Kahlo, who lived from 1907 to 1954, was also a strong Mexican nationalist who resisted traditional European styles despite criticism from artistic elites.
“(Kahlo) said that she would be better off essentially selling tortillas in a market than in this culture,” Morris said. “She is most famous for her self-portraits.”
During the event, students were invited to create their own self-portraits, often featuring flowers in Kahlo’s style – and many did.
So far, PRIDE hasn’t made their presence felt on the campus-wide stage, but that will change next week with PRIDE week, which takes place from Monday Oct. 6 to Friday Oct. 10; National Coming Out Day is Oct. 11.
“During PRIDE Week, we organize ways to bring awareness and recognition to the community,” French said.
They will be tabling throughout the week; events include a performance by spoken word artist J Mase III, a queer trans person of color on Oct. 7. This event was organized by PRIDE Treasurer Alicia Brown, a senior and WoHo resident.
The week closes with PRIDE Prom on Friday, October 10. Other events for PRIDE members specifically will be held during the week.
Beyond PRIDE Week, the club is also focused on increasing membership and discussion of issues in the short term, and an eventual goal of achieving all-gender housing.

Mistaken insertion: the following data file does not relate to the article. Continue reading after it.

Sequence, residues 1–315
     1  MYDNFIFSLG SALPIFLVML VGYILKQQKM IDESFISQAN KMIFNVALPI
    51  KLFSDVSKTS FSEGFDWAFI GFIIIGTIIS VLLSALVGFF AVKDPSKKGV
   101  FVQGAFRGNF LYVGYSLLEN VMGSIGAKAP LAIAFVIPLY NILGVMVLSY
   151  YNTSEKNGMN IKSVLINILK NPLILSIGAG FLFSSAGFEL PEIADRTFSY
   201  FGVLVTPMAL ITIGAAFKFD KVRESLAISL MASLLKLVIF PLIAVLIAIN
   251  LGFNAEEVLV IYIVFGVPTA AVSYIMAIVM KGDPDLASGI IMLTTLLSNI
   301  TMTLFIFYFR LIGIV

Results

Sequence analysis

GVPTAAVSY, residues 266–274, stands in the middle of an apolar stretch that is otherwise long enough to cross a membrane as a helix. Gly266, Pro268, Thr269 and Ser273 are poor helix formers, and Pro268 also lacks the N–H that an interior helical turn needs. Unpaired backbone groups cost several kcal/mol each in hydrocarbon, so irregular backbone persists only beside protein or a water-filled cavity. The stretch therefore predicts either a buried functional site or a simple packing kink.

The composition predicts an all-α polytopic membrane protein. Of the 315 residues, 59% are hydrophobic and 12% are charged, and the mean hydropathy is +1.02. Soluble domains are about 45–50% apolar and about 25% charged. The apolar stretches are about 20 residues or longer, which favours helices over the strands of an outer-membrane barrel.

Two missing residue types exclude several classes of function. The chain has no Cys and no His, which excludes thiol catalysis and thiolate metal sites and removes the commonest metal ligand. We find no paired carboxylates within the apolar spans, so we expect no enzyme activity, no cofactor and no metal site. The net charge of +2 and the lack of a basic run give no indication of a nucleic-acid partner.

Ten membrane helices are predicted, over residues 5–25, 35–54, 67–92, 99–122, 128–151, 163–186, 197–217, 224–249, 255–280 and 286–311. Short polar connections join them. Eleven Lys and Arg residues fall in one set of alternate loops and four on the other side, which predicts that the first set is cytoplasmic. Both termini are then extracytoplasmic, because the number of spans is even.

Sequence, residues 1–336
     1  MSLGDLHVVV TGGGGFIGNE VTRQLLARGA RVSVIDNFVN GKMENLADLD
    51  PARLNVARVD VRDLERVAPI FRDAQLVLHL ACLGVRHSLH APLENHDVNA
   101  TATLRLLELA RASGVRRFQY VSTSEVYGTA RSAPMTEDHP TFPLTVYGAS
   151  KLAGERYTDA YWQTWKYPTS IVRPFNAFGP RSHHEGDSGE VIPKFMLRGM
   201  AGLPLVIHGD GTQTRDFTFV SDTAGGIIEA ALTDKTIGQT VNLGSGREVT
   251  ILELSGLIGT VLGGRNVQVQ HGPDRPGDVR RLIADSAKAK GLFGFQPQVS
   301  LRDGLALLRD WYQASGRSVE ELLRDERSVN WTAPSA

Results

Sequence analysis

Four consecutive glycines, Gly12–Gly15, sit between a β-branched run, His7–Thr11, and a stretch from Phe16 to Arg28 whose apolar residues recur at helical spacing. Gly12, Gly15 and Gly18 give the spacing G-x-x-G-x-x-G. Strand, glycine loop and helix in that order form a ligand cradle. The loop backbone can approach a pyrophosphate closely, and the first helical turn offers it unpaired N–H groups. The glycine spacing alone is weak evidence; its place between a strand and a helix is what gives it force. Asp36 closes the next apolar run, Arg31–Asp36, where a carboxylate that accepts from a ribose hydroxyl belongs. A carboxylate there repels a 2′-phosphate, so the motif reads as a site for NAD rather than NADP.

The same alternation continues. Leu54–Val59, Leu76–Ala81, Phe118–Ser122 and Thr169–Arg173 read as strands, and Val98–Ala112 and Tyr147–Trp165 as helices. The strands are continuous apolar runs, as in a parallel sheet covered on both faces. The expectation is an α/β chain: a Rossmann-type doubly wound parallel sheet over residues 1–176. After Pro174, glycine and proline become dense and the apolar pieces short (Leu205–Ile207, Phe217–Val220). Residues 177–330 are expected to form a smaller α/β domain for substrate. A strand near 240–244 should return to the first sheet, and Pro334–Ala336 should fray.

“All-gender housing would provide a safe space for trans and non-binary students,” French said.
“As of right now, incoming trans students are placed in medical singles, as the school does not allow them to room with others who share their gender identity.”
“…As members of PRIDE Exec, we have noticed and heard PRIDE members who have a huge need for gender-inclusive housing on campus.”
Past events aimed at raising awareness of the need for gender inclusivity in campus housing have included a presentation on all-gender housing by Rebecca Mosely, then-Assistant Director of Residential Education at Oberlin College, which has all-gender housing options. Her presentation and a following discussion were held at last year’s PRIDE week.
The “Trans-ition Your Outlook” workshops held toward the end of last semester also promoted gender inclusivity, though in more general terms.